Last year AASLH reimagined the former “Seminar for Historical Administration” as the History Leadership Institute, an identity that more closely aligned with the program’s increased forward-looking focus on major challenges and critical issues. That name change marked the beginning of a process to evaluate the program and ensure it continues to serve emerging leaders in the history field as effectively as possible. As part of this ongoing effort to make HLI more effective and accessible, we have decided to move the program currently scheduled for November 2019 to June 2020 and to hold the program each June thereafter. Below, I explain a bit about how we came to this decision.
Since 2004, the program has been offered over the course of three weeks in November, making this the first time in fifteen years the program has undergone a major structural change. So over the last few months, we conducted research on similar professional development programs in the field and completed a survey on the needs, interests, and motivations for potential applicants considering HLI. Our quasi-experimental survey presented respondents with descriptions of three program scenarios in random order and asked about their likelihood to apply. Without explicitly referencing HLI, the survey described: the program as currently offered, with two participants sharing a 1-bedroom suite; a November program in which each participant has a private suite but pays significantly more for lodging; and a June program in which participants share a 2-bedroom suite, with costs remaining what they are now. The survey also asked respondents to rate the importance of several factors when considering applying to a residential professional development program.
We distributed the survey to a stratified (based on budget size), random sample of staff members at AASLH member institutions. In our sample group, 53 percent of respondents represented institutions with budgets of $250,000 or less; 69 percent represented institutions with budgets of $1M or less, making sure we captured the feedback from professionals at small institutions. The survey results indicate that across all budget levels, including institutions with budgets of $250,000 or less, history professionals are more likely to apply to the June program than to either of the November options. They indicated that, in addition to overall quality and relevance of sessions, cost and length of program are the two most important factors when considering applying to a professional development opportunity of this kind. While more than 80 percent of respondents said cost and length were either “Important” or “Very important,” only 52 percent of respondents rated “Time of year offered” as such.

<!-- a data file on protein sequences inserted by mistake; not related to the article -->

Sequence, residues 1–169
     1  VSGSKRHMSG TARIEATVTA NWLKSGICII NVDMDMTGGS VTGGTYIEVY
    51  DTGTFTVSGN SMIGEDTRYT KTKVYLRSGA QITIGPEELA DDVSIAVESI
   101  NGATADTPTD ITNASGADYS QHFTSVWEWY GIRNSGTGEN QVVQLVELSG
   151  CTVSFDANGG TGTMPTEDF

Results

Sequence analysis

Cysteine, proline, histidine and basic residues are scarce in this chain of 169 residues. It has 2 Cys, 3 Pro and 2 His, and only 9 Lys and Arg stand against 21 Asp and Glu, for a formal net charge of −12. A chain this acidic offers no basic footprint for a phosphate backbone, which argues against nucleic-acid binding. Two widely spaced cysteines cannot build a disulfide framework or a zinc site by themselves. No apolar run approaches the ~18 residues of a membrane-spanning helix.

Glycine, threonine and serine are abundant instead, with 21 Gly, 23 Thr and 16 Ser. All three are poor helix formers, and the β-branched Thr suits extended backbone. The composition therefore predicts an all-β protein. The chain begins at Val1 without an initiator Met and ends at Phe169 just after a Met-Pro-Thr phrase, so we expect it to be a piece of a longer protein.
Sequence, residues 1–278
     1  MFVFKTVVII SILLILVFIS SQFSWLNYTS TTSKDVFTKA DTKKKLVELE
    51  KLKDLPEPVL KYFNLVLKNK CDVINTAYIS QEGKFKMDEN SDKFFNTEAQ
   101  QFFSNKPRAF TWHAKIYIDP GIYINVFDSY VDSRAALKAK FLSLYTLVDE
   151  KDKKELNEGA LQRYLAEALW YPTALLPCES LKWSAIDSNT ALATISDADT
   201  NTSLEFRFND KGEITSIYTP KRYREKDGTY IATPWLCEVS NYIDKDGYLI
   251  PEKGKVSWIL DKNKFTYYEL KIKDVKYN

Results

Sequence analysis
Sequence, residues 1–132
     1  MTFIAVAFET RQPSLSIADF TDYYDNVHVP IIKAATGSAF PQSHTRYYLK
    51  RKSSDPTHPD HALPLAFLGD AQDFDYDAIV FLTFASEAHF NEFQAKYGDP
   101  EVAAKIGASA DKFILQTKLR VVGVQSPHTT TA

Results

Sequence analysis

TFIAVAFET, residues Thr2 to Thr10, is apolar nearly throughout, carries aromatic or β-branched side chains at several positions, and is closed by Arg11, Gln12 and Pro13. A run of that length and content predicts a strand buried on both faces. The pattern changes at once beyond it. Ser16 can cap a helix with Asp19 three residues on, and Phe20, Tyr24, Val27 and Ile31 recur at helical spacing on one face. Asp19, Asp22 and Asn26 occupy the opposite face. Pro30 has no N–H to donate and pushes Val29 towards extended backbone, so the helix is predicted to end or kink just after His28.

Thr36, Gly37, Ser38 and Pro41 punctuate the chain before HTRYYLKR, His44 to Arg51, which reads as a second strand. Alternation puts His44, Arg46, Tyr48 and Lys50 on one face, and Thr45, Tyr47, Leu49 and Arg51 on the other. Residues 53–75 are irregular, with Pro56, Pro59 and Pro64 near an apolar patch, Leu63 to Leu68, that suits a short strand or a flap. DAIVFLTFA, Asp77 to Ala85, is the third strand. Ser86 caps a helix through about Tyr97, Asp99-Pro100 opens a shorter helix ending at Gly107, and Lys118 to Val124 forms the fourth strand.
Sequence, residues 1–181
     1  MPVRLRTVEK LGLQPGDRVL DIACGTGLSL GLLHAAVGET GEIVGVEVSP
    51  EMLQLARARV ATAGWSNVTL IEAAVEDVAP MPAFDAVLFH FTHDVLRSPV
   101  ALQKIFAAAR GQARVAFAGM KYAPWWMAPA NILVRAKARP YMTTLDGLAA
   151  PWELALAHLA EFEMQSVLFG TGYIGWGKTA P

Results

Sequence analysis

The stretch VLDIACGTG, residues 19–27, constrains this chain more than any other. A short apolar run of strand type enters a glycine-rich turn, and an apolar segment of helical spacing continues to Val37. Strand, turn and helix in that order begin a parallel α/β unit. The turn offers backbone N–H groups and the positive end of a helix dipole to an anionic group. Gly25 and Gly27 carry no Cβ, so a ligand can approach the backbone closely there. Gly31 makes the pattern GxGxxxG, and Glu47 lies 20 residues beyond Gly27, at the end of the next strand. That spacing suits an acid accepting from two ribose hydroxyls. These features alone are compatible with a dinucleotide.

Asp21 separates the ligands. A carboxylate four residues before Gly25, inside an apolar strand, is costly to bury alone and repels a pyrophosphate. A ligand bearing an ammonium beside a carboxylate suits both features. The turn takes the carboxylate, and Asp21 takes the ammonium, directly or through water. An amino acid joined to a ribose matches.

This shift to a summer schedule opens a host of new possibilities for enhancement of the program. We have an opportunity to improve lodging arrangements, build new partnerships with colleagues at local universities, experience sites like Conner Prairie during their peak operating season, and much more. We’ll also be using this intervening period to consider new ways to expand HLI beyond the annual seminar and connect it more closely with AASLH’s new continuing education framework. As we prepare to re-launch HLI over the next fifteen months, we’ll be examining a wide range of ways to make the program more inclusive and accessible.
As many know from experience at your own institutions, programs—even much beloved ones—must sometimes change as we respond to and anticipate the needs of our audiences and the field. We are very grateful to have had the guidance of alumni, including those represented on AASLH Council and the HLI Advisory Board, as we considered these decisions. We hope these changes will allow HLI to continue to help new generations of history professionals develop the perspective and skills to lead the field.
To view the full survey and proposal report, click here.